The Koscielny situation can’t be anything other than a piece of mismanagement though. You don’t develop ‘chronic tendinitis is both Achilles tendons’ overnight. Even if, and this is a stretch, the club only became aware of the seriousness of Koscielny’s problem when he returned from World Cup duty, they still had a month to source a defender in the transfer market. Quite why they didn’t is beyond me, but this is old ground we’re treading here. The fact remains we failed to give our squad the adequate depth in a key area and now we’re paying the price.

Arsene Wenger talks about the need for more balance, saying:

Last year we had 17 clean sheets with the same defenders but we have not started to do that yet. Our defensive efficiency is not there and we cannot survive at the top level by always conceding two goals.

Except it’s not the same defenders. Debuchy for Sagna was a decent replacement, and we’ve been hit badly by his injury, but when you’re playing a 19 year Chambers, 19 year old Bellerin, Monreal as a central-defender you can’t say the situation is the same in terms of the players.

Nor is it the same in the way that the team has set up. Has the formation tweak played a part in our lack of defensive stability? Even if we did look better going forward against Hull (in the opening 20 minutes), by the time the second half came around we looked uncomfortable and it required awareness and defensive dedication from some our forwards to stop Hull’s counter-attacks. Yet in the two games in which we’ve performed best (Villa away and Galatasaray home), we were set up in the same way we did last season.

Villa, by the way, was a clean sheet and Galatasaray should have been but for Szczesny’s penalty concession. And, as well as being effective from an attacking point of view, we looked more sound at the back in both of those games. Coincidence? Perhaps. Two games is not really a large enough sample size, but maybe looking distinctly troubled in all the other games probably provides enough balance.

The other thing that has bothered me somewhat this season is the idea that defending is the sole preserve of the back four, and not the concerted team effort it was. Yes, we’ve had some help from forwards like Alexis and Welbeck for whom hard work is viewed as part of the job and not something that might happen if it occurs to them in time. But if you remember when we went to Bayern and got a 2-0 win which filled a previously jittery team with the defensive confidence to see out a season with 1-0 and one goal wins to secure a Champions League spot at the expense of Sp*rs – that was built on a huge team effort.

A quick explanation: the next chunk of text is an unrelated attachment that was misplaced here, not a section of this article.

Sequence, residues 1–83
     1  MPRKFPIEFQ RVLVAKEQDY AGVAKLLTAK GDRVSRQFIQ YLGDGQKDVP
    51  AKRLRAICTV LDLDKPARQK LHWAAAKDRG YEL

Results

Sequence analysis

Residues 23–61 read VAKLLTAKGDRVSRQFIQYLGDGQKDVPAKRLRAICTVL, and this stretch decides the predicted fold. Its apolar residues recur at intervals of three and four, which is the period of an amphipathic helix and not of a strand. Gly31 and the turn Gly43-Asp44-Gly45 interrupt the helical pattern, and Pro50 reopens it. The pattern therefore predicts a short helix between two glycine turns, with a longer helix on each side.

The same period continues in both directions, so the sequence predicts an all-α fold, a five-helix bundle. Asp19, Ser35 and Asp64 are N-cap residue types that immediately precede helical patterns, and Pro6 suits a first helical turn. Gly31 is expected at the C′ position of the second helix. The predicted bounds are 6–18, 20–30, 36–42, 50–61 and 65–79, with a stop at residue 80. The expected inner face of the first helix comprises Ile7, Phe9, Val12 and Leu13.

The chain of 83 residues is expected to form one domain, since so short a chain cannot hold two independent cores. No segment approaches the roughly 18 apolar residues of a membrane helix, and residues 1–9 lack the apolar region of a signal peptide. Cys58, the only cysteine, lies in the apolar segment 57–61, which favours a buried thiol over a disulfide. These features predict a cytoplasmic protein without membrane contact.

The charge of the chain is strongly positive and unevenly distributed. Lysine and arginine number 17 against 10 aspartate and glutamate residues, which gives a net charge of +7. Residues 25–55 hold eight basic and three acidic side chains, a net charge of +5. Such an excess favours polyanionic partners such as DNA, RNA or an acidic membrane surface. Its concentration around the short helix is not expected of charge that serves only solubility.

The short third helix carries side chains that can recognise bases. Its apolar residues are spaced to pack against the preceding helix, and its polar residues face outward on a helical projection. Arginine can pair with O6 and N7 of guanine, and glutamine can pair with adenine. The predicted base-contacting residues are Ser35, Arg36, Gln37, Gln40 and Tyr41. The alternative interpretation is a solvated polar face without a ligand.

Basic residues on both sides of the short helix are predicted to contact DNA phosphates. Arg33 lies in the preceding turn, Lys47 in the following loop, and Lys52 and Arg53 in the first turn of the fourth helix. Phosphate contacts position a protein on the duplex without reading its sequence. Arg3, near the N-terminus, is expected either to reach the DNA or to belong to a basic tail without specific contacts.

Midfielders didn’t look at fat blokes running past them, they chased them down and threw themselves into tackles that might prevent a dangerous cross which might result in a goal. There doesn’t seem to be the same level of effort right now and due to the injury problems we’ve got, and the inability to field a consistent back four, we need to put that right straight away.

Look at Wednesday night’s potential back four. David Ospina is out of the game through injury and Wojciech Szczesny is suspended. That means a start in goal for Emiliano Martinez. Calum Chambers should come back into the centre of defence so that means we’ve got a defensive set up of: MartinezBellerin – Mertesacker – Chambers – Gibbs (the bolded players have a total of 19 appearances for the club between them).

So, what do we do? Do we trust in their potential and ability? Or do we make sure that the we play makes it as easy as possible for them to perform well? Add another deeper-lying midfielder to ensure that the team is better able to cope with opposition attacks and counters? Play the formation that they feel most comfortable in? All possible, but more than anything else we have to drill into them the idea that everybody has defensive responsibility, and everybody is expected to do their bit.

We’re in a precarious situation because so much of football is about confidence and belief, and right now we look like team that doesn’t believe it can keep clean sheets. It becomes almost self-defeating in a way. But, we’ve had these troubles before and found a solution – and it’s vital we do that now. It’s more difficult when you have to chop and change and you’re using more inexperienced players, but that’s life. That’s the position we’ve put ourselves in and until we find a way of dealing with it, results will continue to disappoint.

As I mentioned, James and I will have an Arsecast Extra for you later on – it should be up and ready around lunchtime. In the meantime, any pre-Anderlecht news etc, can be found over on Arseblog News.